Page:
In March Microsoft released Deep Touch integration for iOS amongst several other improvements to the Power BI Mobile application. This blog will look at a few of those features and examine some of the areas that still need work.
So far it seems Microsoft are doing a pretty good job of developing Power BI for the mobile platform and this is most apparent when they exploit some of the built-in functionality that make mobiles so handy! One of the best features of the latest iOS is 3D Touch integration and Power BI has fully grasped this bull by the horns. Using a Deep Touch, you can launch a pop-up menu offering some of the most useful features such as search and notifications but also quick access to your recently accessed dashboards.
Another big issue that the Power BI team have tackled head on is how to make rich visualisations mobile optimised. For this they have two solutions, the first being the desktop and mobile view options within Power BI desktop.
|Desktop view of Report||Mobile view of Report|
The mobile view essentially de-constructs your report and lets you drag and drop your visualisations into the mobile template. By default, this view will always be displayed when viewing the report on a mobile device unless you rotate the device into landscape mode in which case the desktop version loads. I have mixed feelings about this feature. On the one hand, I like that I can see both views but if the report were to remain in mobile view but expand to fill the horizontal space as well, this could open up a lot more opportunities for mobile reporting.
However, despite gaining some control in how the report looks on a mobile device there are some pretty major limitations for the time being. Firstly, you cannot specify different properties, such as text size, for the desktop and mobile view. This means that you would need to consider both views when creating a report that will be both mobile and desktop otherwise your visual will be sacrificed as seen above in the deliveries and fragile items cards.
Another drawback is that each visual element has to be snapped to the prescribed grid and this includes the transparent grab handle/border that is used to select the visual. This border is half a grid square tall in the mobile view which means that you get a lot of white space, something you want to reduce in a mobile view.
Finally, visuals cannot be overlaid. Where I have circles around some of my cards in the desktop view, this is not possible in the mobile view. Whilst you can add an image or logo you could not make use of any backgrounds whether they be an image or just a flat colour.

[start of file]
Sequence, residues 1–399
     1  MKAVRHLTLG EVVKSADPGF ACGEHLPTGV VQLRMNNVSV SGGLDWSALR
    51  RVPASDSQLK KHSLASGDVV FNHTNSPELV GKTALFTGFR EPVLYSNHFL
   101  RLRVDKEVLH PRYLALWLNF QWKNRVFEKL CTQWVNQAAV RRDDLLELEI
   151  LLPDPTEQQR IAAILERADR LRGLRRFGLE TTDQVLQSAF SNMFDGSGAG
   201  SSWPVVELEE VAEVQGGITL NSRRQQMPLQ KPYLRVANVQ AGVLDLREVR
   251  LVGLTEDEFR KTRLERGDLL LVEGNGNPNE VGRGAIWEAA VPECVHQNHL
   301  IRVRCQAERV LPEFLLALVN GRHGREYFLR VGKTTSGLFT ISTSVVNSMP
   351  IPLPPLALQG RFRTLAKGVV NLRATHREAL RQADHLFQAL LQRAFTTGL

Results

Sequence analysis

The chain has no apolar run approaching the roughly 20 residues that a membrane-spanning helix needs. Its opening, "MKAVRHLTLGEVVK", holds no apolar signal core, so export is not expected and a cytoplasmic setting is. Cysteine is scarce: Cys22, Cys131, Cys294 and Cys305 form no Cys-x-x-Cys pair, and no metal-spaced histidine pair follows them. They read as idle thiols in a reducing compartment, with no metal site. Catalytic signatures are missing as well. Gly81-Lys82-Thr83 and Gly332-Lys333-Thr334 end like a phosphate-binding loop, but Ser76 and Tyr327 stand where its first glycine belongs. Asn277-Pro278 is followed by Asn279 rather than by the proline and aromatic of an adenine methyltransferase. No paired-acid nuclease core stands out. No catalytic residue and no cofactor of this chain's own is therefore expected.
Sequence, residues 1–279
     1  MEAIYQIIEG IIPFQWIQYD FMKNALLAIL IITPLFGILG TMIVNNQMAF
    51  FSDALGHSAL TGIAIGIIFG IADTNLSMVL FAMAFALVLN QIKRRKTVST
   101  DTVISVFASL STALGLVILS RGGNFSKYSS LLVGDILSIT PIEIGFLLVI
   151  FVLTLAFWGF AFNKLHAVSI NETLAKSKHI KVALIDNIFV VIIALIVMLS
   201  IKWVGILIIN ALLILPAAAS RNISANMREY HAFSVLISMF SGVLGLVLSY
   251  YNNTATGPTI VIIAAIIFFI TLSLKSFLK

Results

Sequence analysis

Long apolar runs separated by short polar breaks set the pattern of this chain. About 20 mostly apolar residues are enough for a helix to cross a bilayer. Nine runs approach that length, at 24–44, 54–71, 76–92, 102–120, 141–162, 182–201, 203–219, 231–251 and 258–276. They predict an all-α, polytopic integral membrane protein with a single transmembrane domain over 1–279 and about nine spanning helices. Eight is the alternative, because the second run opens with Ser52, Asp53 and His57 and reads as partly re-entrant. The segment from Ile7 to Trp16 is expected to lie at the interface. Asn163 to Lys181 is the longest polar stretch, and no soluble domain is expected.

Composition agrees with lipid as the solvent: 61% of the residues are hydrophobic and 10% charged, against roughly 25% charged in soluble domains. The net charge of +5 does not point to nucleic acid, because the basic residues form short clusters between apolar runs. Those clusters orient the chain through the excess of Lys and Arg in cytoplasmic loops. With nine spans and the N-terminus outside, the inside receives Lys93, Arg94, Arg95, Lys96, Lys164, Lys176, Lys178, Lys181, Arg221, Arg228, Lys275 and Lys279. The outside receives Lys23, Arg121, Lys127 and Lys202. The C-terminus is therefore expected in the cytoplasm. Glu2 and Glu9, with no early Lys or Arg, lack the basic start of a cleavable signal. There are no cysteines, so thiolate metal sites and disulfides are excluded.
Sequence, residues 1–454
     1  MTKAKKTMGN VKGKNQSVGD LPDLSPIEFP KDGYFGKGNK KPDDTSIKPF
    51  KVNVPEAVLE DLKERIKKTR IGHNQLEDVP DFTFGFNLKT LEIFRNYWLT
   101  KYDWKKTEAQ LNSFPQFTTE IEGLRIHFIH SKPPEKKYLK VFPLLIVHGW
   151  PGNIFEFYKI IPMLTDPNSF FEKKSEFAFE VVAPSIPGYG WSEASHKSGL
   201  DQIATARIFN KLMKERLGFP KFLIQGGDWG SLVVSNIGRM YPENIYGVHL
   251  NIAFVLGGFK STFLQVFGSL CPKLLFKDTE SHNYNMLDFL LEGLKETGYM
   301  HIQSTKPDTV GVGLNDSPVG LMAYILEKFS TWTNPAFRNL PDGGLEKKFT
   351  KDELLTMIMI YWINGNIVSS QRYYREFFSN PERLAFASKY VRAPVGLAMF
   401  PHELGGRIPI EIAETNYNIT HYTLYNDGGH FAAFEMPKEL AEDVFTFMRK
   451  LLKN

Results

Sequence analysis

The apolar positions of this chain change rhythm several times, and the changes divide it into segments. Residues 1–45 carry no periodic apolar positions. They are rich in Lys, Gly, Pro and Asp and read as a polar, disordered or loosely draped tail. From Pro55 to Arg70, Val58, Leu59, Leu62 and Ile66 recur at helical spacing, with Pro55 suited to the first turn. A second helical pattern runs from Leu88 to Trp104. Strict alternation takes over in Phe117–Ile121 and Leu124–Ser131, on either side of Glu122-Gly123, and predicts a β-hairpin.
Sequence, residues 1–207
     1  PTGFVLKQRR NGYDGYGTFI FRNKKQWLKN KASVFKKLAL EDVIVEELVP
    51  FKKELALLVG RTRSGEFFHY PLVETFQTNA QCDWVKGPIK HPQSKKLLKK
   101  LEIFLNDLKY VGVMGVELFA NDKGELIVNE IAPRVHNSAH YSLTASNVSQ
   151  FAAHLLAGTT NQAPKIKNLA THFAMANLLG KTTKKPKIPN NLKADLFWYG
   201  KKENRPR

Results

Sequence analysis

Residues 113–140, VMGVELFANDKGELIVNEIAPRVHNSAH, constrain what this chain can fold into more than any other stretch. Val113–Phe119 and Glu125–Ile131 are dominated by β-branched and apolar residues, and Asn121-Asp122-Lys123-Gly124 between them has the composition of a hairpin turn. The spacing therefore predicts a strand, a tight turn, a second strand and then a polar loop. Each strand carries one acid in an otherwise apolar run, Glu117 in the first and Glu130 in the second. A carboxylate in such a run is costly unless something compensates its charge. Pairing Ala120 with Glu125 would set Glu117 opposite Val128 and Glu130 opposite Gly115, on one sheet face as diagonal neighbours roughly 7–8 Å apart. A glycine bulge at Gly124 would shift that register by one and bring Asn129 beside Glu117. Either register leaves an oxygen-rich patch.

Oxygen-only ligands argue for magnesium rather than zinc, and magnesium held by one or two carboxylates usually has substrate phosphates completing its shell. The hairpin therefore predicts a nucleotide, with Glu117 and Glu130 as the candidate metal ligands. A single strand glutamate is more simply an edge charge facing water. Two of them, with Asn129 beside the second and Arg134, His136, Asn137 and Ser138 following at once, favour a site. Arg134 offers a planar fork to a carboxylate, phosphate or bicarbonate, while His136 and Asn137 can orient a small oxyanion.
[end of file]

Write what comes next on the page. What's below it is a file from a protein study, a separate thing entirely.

Thankfully, all custom visuals will work in mobile view and any cross filtering, auto play or auto zoom features (maps) are preserved perfectly.
However, the best part is that it if you access a dashboard that doesn’t already have a mobile view then the app will automatically optimise the visuals into a mobile view so you don’t have to!
One of Power BI’s most notable features is Q&A – a method to query your data using natural language. Using a recognisable messenger format this feature is really well replicated in the mobile app and adds another layer of accessibility for non-techie, non-deskbound users.
A relatively new feature to Power BI is the ability to add custom links to a dashboard visual. This can be utilised quite nicely in the mobile app as it will make use of the deep linking technology in iOS so that I can launch a relevant app instead of just a web page. Here I have set a google maps URL as the custom URL for the map visual. Clicking on this in the mobile app launches my google maps app, not a webpage!
Overall I can see that the Power BI mobile team have not tried to just recreate the desktop version but have embraced the mobile platform and have made use of existing features within iOS to present a feature rich app that has a familiar feel to it. Whilst there are some limitations, my next blog will look at how to create a mobile optimised report right from the start so that your users can benefit from mobile BI straight away!